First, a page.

With the holidays right around the corner, the annual debate arises: When is it truly appropriate to start Christmas festivities? After Halloween? Before Thanksgiving? The day after Thanksgiving? The middle of December? Evidently, there is no true answer and students tend to disagree about the appropriateness of the commencement of holiday hoopla.
Jennifer Byrne, a graduate student in the College of Communication, said she put up her Christmas decorations — tree included — before Halloween. Her reasoning? The Hallmark Holiday Series started before Halloween, so she said “It was time.”
While Christmas decorations before Halloween may seem early, Byrne explained that since she won’t be at Marquette for Christmas break, she wants to be able to experience the Christmas atmosphere in her apartment.
Still, this may not be the best timeline, as Byrne admitted that she gets sick of it before Thanksgiving.
While Byrne’s Christmas decor may seem a little premature, Amanda Kinsley, a junior in the College of Arts & Sciences, said that she thinks decorations are appropriate once Halloween is over.
“No one really decorates for Thanksgiving, so it’s okay to start a little early,” Kinsley said.
Grace Pitzen, a sophomore in the College of Health Sciences, said she feels that Christmas decorations can start after Thanksgiving, but anything sooner is too early.
A staple of holiday decorations is the Christmas tree. Depending on who is asked, the appropriate date to put up and decorate a Christmas tree varies.
Kinsley said that Christmas trees can go up at the same time that other decorations go up. However, that rule does not necessarily apply for real trees.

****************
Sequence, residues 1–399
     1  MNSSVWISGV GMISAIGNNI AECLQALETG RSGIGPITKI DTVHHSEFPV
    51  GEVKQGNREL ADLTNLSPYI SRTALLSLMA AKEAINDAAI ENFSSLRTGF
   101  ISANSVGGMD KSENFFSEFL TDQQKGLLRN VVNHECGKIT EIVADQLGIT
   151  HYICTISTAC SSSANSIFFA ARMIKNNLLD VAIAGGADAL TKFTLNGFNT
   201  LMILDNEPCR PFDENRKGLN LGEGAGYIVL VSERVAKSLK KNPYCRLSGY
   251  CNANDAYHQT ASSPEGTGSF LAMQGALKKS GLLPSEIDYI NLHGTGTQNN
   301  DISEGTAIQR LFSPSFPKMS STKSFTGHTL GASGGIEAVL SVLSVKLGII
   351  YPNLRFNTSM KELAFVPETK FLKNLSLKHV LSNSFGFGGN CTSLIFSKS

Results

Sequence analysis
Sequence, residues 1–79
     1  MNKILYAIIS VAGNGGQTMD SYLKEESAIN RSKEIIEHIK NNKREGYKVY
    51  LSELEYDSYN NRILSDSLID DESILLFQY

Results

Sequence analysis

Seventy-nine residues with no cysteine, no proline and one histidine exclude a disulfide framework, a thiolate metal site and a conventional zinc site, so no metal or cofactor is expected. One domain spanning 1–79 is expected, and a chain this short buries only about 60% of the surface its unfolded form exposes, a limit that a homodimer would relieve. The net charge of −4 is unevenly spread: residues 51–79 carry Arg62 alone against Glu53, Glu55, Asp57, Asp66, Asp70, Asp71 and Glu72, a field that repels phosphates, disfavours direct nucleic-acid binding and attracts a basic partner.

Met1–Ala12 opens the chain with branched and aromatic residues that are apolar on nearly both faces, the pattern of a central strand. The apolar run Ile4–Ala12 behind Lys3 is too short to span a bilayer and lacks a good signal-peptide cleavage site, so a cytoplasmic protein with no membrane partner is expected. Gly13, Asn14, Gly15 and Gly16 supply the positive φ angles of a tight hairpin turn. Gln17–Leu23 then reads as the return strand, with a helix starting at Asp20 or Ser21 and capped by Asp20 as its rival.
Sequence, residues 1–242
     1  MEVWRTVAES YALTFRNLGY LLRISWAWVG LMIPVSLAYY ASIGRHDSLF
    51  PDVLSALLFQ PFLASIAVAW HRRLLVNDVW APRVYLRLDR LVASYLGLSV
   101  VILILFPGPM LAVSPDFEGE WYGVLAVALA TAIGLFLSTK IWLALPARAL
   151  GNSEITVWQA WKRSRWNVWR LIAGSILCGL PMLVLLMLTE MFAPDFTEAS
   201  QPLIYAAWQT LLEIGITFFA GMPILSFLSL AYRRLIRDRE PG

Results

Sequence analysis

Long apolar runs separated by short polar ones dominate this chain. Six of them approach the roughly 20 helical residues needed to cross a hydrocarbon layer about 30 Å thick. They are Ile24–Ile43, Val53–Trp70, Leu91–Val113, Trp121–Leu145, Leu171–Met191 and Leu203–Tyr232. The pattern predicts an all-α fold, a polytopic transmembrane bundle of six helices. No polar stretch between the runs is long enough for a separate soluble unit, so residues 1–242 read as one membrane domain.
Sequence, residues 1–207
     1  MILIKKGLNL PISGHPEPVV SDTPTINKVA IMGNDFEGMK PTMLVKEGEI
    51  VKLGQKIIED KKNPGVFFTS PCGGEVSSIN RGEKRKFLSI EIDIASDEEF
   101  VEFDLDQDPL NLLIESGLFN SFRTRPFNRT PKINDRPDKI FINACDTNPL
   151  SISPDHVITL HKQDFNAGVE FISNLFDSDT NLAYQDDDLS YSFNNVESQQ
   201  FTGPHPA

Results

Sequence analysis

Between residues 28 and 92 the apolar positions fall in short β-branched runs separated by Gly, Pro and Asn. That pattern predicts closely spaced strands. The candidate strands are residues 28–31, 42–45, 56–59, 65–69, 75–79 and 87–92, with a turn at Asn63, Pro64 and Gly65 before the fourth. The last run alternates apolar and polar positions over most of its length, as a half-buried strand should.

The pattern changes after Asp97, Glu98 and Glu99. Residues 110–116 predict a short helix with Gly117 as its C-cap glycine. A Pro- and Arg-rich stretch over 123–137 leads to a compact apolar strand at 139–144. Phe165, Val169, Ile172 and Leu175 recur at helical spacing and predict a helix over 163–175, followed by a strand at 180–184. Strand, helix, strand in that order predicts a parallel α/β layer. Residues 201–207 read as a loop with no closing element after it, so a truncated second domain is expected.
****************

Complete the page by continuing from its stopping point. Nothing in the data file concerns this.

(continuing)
“It will start to die, but if it’s a fake one it can be (put up) the same time that you do all of the other decorations, shortly after Halloween,” Kinsley said.
While Kinsley personally appreciates the aesthetic of a real Christmas tree, she said her family has to put up fake trees due to an allergy they contracted to real trees.
“I like fake because I am allergic to real ones,” Kinsley said. “We used to do real ones and my mom and I were like ‘Why do we feel so miserable all the time?’ And then we found out we were allergic to them, so we were like ‘Time for fake ones.’”
On the bright side, Kinsley said she appreciates not having to clean up the fallen needles of a real Christmas tree.
Other students said that Thanksgiving must pass before any Christmas activities are acceptable.
Pitzen said the appropriate time to start playing Christmas music is the week of Thanksgiving. Pitzen’s favorite holiday song to hear is “All I Want For Christmas Is You” by Mariah Carey.
Kinsley said she feels that that the appropriate time for Christmas music is not until after Thanksgiving, giving each holiday their scheduled, well-deserved time.
“With Christmas music, Thanksgiving is a little too early,” Kinsley said. “I’m not in the mindset yet.”
Kinsley’s favorite Christmas song is any rendition of “Santa Baby.”
With Milwaukee’s first ground-covering snow of the season last weekend, but Thanksgiving still a week away, the holiday controversy continues on.